UK set for Austerity Measures Announcement
|Published: ||20 Oct at 9 AM|
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Good Morning. Wednesday 20th October 2010 has long been on a pedestal for market watchers as we brace ourselves for the start of the biggest cuts in public spending that the UK has seen since World War Two.
Sterling starts the day under pressure following yesterday’s CBI data and with both the spending review and Bank of England minutes set to be announced this morning, things look bleak.
Valentin Marinov, currency strategist at Citibank said, “Investors remain cautious about the impact of spending cuts on the UK economy, and indications that the government wants to postpone some fiscal austerity measures could prompt more unease about the near-term outlook for the economy.”
The headlines across some internet sites on Monday stating ‘Welcome to the Double-dip’, indicating that the UK now faces another tough year ahead could well hold some ominous truth, rather than a tongue-in-cheek warning.
Markets have reacted already since the beginning of the week with a glut of fundamental data releases further compounding sterling’s woes. GBP-USD fell to a 3 week low despite the dollar’s apparent weakness and the pound continues to close the day lower and lower against the majors, and is currently the worst price for euro buyers since May.
We will have more on the spending review throughout the day.
For any one who’s looking for a more positive slant on the economy may want to look away now.
Mervyn King, not known as the greatest advocate of positivity towards the ailing economic picture that he and his Bank of England pals have painted has once again opened his mouth, providing writers like me many quotes to excite, inspire and motivate. Or not.
Speaking to an audience in the West Midlands last night King warned that the UK faces an “unpleasant, sober decade ahead”.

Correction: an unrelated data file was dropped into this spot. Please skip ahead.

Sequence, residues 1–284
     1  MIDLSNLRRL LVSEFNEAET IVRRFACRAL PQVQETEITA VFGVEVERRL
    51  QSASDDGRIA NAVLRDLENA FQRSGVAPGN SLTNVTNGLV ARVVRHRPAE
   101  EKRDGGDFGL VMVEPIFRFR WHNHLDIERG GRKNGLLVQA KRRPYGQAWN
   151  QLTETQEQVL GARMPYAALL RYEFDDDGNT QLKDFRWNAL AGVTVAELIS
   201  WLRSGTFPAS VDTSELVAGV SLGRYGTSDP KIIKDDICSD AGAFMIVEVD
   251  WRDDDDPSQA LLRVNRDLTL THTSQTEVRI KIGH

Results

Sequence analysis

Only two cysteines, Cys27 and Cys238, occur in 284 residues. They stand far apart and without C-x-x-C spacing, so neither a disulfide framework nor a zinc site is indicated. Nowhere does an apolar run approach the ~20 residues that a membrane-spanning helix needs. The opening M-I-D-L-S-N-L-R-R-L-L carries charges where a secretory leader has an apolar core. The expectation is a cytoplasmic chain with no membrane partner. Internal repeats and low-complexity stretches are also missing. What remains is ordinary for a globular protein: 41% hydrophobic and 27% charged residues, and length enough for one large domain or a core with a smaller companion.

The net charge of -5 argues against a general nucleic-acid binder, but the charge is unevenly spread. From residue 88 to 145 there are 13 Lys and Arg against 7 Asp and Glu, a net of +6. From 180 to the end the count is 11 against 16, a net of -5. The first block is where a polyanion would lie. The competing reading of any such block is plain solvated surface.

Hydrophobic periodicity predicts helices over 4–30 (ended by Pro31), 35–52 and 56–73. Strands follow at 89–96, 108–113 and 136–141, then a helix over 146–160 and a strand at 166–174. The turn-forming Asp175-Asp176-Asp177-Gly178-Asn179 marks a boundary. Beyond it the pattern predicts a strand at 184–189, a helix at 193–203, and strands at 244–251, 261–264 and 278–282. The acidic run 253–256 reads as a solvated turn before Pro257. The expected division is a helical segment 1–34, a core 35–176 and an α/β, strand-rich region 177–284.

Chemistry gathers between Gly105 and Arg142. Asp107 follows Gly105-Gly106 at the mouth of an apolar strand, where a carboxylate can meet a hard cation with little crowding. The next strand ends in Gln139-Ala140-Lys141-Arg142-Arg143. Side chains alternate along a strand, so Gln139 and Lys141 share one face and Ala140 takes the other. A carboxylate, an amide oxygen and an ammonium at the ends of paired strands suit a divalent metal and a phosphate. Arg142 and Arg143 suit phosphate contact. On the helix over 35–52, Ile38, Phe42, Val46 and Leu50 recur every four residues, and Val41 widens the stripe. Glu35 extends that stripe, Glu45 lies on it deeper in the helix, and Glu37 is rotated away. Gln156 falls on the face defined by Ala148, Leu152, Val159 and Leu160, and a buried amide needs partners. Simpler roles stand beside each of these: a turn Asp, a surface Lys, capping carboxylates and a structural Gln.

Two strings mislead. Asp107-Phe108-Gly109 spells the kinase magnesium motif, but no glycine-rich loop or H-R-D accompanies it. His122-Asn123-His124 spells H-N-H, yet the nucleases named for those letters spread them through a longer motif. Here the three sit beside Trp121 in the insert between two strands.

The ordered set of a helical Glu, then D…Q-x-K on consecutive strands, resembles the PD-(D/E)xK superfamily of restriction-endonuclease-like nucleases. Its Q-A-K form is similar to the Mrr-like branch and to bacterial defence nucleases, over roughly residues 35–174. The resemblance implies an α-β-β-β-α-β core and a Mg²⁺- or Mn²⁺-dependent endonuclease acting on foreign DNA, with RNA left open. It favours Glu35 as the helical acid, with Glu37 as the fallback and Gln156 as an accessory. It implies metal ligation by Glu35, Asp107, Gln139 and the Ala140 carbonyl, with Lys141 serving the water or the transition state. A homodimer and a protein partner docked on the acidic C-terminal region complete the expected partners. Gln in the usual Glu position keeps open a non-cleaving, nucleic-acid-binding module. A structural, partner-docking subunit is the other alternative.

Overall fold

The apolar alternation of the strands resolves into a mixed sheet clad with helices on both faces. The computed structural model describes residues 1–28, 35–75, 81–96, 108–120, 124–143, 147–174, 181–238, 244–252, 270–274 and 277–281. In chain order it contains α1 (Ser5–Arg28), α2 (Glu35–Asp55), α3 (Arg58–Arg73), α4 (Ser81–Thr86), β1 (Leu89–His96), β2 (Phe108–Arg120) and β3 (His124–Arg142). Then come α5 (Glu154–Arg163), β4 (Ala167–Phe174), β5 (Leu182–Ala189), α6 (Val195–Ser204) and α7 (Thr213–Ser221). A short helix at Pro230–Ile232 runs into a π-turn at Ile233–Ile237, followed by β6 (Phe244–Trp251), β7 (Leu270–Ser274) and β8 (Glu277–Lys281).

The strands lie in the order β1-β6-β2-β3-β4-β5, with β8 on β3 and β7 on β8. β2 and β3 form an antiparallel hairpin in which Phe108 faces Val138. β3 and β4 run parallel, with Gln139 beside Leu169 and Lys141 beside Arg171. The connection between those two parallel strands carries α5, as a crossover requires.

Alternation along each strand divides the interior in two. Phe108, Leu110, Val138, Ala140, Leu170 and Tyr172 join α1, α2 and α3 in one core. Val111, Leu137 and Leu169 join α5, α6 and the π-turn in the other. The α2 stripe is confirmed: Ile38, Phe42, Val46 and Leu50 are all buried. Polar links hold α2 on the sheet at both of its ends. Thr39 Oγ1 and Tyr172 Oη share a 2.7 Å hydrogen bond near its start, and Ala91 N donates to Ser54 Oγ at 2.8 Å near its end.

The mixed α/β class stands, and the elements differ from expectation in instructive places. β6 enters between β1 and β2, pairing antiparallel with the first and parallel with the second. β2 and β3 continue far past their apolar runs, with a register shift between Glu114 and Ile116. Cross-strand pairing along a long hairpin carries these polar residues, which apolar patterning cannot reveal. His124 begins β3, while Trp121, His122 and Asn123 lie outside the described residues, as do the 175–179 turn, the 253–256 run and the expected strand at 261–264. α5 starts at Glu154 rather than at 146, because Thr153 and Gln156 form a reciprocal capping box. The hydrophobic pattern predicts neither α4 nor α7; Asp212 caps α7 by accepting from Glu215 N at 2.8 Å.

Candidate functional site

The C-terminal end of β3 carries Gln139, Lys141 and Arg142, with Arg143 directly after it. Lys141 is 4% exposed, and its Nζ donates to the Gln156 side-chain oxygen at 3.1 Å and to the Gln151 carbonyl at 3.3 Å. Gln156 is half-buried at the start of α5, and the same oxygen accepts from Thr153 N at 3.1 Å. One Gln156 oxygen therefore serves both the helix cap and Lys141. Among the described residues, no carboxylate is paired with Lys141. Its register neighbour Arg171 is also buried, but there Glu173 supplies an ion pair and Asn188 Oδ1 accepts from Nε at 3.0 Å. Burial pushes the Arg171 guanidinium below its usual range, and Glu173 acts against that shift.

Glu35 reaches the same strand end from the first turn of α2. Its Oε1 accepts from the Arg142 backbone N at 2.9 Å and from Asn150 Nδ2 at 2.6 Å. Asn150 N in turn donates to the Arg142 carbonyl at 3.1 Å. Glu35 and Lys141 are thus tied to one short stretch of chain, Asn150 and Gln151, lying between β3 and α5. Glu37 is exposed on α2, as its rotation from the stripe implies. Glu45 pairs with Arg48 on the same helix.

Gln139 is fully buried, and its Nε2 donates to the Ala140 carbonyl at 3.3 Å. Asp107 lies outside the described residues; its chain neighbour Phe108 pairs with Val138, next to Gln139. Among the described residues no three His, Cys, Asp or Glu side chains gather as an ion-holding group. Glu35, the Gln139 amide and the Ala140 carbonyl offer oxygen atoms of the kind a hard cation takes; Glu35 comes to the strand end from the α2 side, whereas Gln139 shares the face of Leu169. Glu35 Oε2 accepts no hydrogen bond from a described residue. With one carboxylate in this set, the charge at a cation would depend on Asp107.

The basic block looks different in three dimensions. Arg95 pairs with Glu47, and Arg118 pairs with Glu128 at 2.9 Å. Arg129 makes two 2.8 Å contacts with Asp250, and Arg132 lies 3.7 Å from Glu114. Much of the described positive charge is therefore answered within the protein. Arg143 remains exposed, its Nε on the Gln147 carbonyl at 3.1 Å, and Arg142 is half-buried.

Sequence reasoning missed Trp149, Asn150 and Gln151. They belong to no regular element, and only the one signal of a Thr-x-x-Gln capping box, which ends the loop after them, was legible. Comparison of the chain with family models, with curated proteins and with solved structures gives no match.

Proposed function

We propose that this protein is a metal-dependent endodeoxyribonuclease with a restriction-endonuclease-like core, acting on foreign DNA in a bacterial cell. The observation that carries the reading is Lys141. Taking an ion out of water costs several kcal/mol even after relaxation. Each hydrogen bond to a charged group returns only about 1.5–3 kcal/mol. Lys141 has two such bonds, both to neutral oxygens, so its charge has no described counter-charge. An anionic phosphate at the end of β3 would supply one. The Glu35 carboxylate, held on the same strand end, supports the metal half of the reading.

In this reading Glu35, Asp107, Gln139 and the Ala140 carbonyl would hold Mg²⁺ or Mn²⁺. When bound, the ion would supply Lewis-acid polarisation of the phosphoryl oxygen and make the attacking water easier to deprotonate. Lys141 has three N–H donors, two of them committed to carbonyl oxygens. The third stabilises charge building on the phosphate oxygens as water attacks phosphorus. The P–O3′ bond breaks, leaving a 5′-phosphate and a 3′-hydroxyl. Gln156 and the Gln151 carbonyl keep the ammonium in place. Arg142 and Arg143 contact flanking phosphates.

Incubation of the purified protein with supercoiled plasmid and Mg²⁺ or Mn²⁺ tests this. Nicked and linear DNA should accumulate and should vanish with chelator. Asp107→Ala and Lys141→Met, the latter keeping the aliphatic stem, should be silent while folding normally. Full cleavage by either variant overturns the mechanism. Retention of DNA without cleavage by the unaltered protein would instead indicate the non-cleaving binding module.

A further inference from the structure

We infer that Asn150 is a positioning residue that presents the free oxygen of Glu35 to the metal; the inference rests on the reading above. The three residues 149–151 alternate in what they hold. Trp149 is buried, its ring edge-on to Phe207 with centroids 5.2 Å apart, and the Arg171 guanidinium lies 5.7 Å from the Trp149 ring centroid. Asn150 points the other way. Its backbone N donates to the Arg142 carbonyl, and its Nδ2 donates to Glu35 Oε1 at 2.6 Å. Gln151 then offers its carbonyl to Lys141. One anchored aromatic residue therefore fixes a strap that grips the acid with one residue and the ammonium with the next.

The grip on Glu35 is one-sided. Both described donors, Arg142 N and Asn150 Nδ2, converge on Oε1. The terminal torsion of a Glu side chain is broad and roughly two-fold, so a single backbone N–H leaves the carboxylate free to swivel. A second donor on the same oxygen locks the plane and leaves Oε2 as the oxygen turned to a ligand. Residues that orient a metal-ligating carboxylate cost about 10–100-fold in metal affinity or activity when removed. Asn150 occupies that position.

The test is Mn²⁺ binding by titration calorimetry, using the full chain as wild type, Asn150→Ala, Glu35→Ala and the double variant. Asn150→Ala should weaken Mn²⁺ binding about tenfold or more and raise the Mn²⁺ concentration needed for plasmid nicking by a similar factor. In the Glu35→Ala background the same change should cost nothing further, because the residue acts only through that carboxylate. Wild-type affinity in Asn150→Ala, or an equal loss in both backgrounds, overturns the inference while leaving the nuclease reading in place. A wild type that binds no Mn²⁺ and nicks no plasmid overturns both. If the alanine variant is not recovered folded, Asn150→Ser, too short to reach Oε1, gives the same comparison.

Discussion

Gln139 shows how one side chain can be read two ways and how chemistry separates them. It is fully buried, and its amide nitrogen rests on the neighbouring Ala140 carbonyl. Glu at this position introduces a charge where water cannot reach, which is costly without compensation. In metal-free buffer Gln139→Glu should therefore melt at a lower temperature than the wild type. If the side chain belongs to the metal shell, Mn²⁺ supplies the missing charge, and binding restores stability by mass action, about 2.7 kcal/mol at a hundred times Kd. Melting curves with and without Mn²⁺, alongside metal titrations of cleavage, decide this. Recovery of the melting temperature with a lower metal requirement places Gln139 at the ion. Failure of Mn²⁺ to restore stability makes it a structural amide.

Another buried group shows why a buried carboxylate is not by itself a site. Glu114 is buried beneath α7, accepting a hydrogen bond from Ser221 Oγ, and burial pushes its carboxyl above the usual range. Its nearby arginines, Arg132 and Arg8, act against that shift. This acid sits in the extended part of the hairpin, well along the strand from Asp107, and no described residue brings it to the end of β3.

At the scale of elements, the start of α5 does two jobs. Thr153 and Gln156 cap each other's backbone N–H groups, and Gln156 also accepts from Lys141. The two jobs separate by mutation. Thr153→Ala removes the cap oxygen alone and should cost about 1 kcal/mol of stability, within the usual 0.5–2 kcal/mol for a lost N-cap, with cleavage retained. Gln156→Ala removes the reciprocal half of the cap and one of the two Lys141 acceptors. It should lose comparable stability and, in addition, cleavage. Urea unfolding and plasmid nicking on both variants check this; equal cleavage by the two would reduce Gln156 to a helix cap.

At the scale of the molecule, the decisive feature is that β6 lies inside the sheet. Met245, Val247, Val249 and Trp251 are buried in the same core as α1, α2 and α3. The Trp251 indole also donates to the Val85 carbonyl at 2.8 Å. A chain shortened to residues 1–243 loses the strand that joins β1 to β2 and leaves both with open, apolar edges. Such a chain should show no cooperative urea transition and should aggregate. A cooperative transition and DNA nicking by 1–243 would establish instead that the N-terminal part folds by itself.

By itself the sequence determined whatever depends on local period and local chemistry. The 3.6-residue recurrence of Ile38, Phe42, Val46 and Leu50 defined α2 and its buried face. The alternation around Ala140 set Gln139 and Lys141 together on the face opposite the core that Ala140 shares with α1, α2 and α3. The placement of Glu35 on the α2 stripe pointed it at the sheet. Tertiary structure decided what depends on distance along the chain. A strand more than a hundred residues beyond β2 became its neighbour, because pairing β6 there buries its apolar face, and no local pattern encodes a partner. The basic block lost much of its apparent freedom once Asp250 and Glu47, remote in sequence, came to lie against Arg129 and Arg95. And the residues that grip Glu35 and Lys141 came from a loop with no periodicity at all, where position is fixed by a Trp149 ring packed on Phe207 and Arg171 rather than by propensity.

“The next decade will not be nice. History suggests that after a financial crisis the hangover lasts for a while” he added. Following a warning that there would not be a speedy recovery as the re-balancing of the economy would take some time King then went onto to say that the economy was still “barely growing at all” which lends some support to the double-dip recession now being a real threat.
The Bank of England minutes have just announced that there was a 3 way split on the vote regarding quantitative easing, with 7 voting to keep things on hold both in terms of interest rates and QE, one voting increase QE and the other voting to see a rise in interest rates. A split in voting essentially means that the policy makers are not singing off the same hymn sheet, which shows some uncertainty regarding the economic outlook amongst the people who frankly, should know.
Buyers of currency who have sterling in hand would be well placed to try and secure something on these markets soon, as the spending cuts along with the glut of negative UK data seem only likely to see sterling heading lower, towards the levels that we saw in 2008, during the decline into the last recession.